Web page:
My semester has come to an end, and with that comes the time for study abroad students, including me, to go back home. There’s just one problem with this: while I’m heading back to my home, the place where I’ve grown up and where my family and friends from my first eighteen years of life are, I’m also leaving Ireland, a place that I now call home.
When I first came here there was a distinction between home and the place I was living. I didn’t know what to call my housing. At the end of the day, I’d say I was going back to my house, or back to the village, but I consciously refrained from calling my housing “home,” believing for some reason that I was betraying my “true home” if I let my house in Ireland become home. Sometime in the past four months this has changed. I first noticed this when sitting on a bus coming back from spring break and thinking to myself, “I can’t wait to get home.” Since then I’ve caught myself not only thinking about Limerick as my home, but also calling my on-campus housing home, talking about going home for the night, and just casually and subconsciously throwing around the word “home” in my everyday conversations.
I love Michigan Tech, my school back in the US. However, it has always been a part of my life, and I have been going to it for as long as I remember. In my mind I’ve always associated it not only with school, but also with family vacations and with relatives who live nearby. My college has felt like an extension of my home, like a part of who I am. Coming to the University of Limerick felt like coming to a complete new world, and I had no ties or connections.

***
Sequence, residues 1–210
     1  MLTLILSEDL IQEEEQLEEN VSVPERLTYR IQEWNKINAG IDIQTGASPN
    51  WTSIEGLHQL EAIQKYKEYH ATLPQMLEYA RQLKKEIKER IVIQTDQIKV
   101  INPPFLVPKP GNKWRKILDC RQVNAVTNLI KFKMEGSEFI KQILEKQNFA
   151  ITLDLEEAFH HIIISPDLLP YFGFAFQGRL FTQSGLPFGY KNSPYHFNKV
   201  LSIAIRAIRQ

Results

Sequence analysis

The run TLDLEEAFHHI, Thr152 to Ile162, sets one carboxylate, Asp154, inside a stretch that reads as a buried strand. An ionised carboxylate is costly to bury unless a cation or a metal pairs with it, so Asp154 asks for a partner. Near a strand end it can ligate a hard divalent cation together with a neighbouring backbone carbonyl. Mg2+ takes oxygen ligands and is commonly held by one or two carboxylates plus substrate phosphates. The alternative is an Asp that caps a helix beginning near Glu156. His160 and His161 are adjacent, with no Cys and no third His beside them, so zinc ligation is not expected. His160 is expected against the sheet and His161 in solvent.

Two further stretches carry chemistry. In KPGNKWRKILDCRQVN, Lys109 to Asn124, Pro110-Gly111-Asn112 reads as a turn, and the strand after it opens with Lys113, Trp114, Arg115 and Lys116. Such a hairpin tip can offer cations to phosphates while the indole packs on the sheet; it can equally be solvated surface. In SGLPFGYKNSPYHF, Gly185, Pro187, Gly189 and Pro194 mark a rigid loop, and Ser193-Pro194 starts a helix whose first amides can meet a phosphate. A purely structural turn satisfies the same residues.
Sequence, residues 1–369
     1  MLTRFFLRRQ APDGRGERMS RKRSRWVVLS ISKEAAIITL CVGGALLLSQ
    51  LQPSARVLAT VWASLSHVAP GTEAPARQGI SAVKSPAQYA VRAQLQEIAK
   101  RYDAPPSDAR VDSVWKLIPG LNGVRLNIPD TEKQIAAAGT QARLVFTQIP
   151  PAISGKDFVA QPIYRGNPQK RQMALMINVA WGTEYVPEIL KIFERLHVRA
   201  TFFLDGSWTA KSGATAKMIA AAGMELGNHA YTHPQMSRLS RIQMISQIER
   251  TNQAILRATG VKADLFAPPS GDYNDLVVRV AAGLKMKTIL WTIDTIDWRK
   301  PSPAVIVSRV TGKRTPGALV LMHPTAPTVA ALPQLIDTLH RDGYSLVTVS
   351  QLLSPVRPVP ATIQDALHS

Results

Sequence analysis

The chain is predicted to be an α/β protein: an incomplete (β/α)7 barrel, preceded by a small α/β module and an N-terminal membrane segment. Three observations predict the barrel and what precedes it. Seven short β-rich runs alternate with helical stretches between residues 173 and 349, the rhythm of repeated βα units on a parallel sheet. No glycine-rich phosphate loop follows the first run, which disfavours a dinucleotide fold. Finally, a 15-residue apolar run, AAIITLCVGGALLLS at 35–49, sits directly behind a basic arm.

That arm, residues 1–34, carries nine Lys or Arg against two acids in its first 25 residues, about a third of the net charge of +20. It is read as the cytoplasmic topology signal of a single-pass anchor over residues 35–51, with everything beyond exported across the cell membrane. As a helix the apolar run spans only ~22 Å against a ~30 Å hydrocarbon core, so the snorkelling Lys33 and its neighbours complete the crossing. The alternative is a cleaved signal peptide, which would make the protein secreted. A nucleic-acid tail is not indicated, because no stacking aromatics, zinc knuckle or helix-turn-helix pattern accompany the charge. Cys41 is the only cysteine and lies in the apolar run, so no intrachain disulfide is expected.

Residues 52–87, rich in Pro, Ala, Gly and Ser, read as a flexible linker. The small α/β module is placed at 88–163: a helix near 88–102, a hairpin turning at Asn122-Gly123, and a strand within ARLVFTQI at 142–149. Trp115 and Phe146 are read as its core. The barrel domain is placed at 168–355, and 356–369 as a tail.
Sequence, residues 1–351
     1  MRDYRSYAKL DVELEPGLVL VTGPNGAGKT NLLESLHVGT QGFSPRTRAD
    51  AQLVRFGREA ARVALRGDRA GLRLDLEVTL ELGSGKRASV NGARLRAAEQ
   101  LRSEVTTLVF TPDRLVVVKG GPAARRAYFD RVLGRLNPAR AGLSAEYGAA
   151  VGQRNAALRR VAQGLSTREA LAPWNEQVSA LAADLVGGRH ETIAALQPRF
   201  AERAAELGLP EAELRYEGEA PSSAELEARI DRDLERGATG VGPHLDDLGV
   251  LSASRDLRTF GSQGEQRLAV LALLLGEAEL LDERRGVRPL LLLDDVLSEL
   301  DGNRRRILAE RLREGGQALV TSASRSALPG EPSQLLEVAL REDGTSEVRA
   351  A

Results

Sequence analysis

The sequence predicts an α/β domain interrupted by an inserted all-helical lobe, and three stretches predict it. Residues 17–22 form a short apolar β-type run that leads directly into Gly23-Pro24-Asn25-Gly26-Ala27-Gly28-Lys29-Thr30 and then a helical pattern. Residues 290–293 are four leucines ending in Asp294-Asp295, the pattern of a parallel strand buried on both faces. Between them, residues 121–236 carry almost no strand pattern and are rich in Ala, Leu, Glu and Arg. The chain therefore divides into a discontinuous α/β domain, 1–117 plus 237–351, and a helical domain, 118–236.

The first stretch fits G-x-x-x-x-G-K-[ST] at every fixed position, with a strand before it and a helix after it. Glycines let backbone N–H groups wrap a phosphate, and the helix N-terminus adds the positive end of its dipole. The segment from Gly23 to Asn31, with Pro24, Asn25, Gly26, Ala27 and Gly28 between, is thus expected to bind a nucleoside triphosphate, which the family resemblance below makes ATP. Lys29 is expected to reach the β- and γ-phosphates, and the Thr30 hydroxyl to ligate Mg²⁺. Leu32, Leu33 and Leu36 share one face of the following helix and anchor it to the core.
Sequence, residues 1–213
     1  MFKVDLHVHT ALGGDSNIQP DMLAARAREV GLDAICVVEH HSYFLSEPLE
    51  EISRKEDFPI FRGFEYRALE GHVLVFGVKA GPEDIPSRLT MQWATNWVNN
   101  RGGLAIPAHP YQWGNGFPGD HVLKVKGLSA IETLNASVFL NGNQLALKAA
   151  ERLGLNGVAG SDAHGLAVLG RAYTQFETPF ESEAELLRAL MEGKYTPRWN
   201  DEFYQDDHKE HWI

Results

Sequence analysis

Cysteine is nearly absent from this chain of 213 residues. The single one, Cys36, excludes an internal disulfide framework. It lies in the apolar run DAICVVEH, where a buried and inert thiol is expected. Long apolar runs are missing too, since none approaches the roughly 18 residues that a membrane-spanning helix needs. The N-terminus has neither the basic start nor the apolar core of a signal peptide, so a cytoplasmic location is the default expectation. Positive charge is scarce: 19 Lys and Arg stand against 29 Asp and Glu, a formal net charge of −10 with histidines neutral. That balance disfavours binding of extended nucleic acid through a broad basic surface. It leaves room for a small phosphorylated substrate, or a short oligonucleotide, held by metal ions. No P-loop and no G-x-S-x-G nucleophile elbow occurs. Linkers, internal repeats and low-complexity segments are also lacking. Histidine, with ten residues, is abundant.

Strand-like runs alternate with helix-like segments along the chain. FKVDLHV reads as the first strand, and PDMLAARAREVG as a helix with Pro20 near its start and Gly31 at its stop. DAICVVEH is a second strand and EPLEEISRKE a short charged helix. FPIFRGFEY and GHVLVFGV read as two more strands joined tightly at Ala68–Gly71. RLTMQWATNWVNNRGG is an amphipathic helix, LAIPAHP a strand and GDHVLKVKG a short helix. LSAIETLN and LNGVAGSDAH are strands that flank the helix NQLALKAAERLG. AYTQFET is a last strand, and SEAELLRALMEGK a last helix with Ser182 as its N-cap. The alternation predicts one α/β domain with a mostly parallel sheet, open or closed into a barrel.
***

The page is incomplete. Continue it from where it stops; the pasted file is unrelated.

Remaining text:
When I got here, I also felt like I couldn’t fully share my experience with my family or friends, because despite how much I could try to describe Limerick, they wouldn’t know the city. If they weren’t familiar with the location, how could I share this with them? However, over the semester, I’ve come to realize that a home doesn’t just have to be somewhere you have a past or you have connections. It is more a state of mind and a feeling of belonging. What was once strange and unfamiliar slowly integrated itself into my life, and now I can’t imagine what my life would be like if I hadn’t come to Limerick, and in many ways I don’t want to. Limerick, a place that I had never heard of as recently as a year ago, has now become my home. While I once would have felt guilty calling Limerick my home, I’ve come to realize that it’s possible to call multiple places your home, and that they can all have a special place in your life. I know because of this that even though I’m leaving Limerick and will be separated from it by time and distance, I will always consider Limerick my home.
Tired of Netflix marathons and ready to get out and explore the world? Yeah, we know. Here you go.